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MELBOURNE (Reuters) - Serena Williams' Australian Open preparations included smashing a racquet in frustration, complaining of fatigue and losing to players she had never lost to before, yet she is still the favorite to claim her sixth title at Melbourne Park.
The 33-year-old had a terrible buildup to the season-opening grand slam while playing in the Hopman Cup in Perth, losing to Eugenie Bouchard and Agnieszka Radwanska for the first time.
Her standard of play at the event, essentially an exhibition within a tournament format, was also far below her best.
Pundits, however, are loathe to begin writing about the decline of the 18-times grand slam champion as Father Time catches up with her.
With age comes wisdom. Or craftiness, at least.
And when all else fails, when she really needs to, the American unleashes a cannon of a serve or a blistering forehand that few can handle on the Melbourne hardcourts.
Her biggest challenge, apart from stopping her own game self destructing as it has done in Melbourne from time to time, is likely to come from Maria Sharapova, one of the few players who can go toe-to-toe with the American.
The 27-year-old Russian won her fifth grand slam on the clay at Roland Garros last year and said she was pleased with the mental toughness she had shown in getting out of situations she may have struggled with in previous years.
She also enters the tournament with some momentum having romped to the Brisbane title last week.
While world number three Simona Halep and Canada's Bouchard are keen to make the step up after reaching grand slam finals last year, twice champion Victoria Azarenka looms as possibly the biggest challenger to Williams and Sharapova.
She slipped down the rankings after a foot injury that began after Melbourne worsened and eventually limited her to nine tournaments in 2014.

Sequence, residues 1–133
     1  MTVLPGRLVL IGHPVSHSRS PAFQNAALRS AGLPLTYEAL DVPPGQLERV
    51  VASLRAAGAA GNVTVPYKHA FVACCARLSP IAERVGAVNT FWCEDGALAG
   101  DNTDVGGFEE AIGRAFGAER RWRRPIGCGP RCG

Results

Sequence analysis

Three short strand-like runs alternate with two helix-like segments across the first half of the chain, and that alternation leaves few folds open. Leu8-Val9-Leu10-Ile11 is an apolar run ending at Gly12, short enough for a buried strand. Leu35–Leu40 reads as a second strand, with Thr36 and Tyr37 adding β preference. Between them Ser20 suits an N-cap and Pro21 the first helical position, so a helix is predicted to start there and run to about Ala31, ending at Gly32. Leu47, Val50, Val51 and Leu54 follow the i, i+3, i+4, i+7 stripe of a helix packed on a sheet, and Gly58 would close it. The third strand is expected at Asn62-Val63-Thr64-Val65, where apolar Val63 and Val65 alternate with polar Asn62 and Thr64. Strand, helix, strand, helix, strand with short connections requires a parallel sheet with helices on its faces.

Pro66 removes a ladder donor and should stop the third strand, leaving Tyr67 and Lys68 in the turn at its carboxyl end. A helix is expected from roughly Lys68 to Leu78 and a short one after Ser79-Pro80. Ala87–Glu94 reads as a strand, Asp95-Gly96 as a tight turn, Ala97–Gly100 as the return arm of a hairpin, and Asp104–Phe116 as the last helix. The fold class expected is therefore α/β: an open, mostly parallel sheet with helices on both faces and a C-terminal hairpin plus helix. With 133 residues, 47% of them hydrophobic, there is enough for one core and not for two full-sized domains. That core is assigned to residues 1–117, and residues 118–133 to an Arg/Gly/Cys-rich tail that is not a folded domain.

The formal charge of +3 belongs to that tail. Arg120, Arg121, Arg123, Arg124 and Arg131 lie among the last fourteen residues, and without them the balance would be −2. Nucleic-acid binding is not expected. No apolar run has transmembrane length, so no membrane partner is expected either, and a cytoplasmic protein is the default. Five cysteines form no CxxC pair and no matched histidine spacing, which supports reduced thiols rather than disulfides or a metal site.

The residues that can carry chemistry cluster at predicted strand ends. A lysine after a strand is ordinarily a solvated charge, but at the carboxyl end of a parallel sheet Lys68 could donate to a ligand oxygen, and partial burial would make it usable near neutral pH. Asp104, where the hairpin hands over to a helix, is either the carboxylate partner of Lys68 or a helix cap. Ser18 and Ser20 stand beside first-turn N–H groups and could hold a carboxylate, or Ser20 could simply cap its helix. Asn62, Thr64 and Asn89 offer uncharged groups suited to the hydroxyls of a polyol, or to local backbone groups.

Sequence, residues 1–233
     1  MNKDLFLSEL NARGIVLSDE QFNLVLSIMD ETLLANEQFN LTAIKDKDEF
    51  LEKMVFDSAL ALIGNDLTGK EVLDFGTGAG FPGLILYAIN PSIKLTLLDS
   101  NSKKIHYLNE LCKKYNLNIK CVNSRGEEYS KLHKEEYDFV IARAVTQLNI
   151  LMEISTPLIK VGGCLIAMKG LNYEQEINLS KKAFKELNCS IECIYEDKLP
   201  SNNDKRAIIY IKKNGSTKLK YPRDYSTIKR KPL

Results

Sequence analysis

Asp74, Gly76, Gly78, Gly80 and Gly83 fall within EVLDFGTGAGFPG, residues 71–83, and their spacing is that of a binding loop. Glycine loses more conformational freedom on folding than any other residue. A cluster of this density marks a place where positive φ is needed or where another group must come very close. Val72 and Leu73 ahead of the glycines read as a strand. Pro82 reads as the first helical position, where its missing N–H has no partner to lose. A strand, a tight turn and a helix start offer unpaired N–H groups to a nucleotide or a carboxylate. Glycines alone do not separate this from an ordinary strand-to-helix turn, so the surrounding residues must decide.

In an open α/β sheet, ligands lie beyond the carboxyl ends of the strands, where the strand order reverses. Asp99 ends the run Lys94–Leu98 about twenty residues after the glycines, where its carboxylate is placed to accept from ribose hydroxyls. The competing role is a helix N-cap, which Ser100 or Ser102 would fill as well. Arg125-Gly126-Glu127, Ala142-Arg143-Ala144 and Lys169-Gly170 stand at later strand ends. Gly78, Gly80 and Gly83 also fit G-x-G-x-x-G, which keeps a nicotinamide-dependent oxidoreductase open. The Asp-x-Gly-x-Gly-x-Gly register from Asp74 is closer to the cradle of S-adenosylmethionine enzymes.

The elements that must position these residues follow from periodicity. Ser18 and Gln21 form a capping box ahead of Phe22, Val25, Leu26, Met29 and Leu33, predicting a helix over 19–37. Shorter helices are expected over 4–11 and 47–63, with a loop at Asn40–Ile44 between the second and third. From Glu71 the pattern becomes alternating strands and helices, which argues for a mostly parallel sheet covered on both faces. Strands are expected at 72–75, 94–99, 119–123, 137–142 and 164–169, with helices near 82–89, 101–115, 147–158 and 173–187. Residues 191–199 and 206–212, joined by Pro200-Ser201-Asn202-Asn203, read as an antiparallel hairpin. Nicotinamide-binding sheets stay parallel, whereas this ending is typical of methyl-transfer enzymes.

The 25-year-old is ranked 41st and has a tricky first-up encounter against American Sloane Stephens, though the tall Belarusian simply loves the blue courts in Melbourne which suit her powerful game and jackhammer forehand.
Azarenka has made at least the quarter-finals in four of the past five years, including back-to-back titles in 2012 and 2013, but she will need a dose of luck and a return to form if she is to go deep in the tournament this year.
She could face world number eight Caroline Wozniacki, who had to withdraw from Sydney this week with a wrist injury, in the second round before a potential quarter-final with Williams.
The winner of that last eight clash has been drawn to face either fourth seed Petra Kvitova or sixth seed Agnieszka Radwanska in the semi-finals.
Kvitova won her second Wimbledon title last year and appears to have shaken off the confidence issues she had after failing to live up to the expectations following her first triumph on the grass of southwest London in 2011.
The Czech finished 2014 ranked fourth and had a strong second half to the year, winning two titles on hard courts in New Haven and Wuhan.
She also won in Sydney on Friday, beating compatriot Karolina Pliskova 7-6 7-6 in a hard-fought final.
The performances of Radwanska will also be heavily scrutinized after she linked up with 18-times grand slam title winner Martina Navratilova.
Navratilova only began working with the 25-year-old at Christmas and, as was evident with Andy Murray and Ivan Lendl, these partnerships take time to evolve.
Even if there is no immediate impact from the coaching move, Radwanska's all-court game still makes her a threat despite her struggles against the stronger hitters.
Editing by Peter Rutherford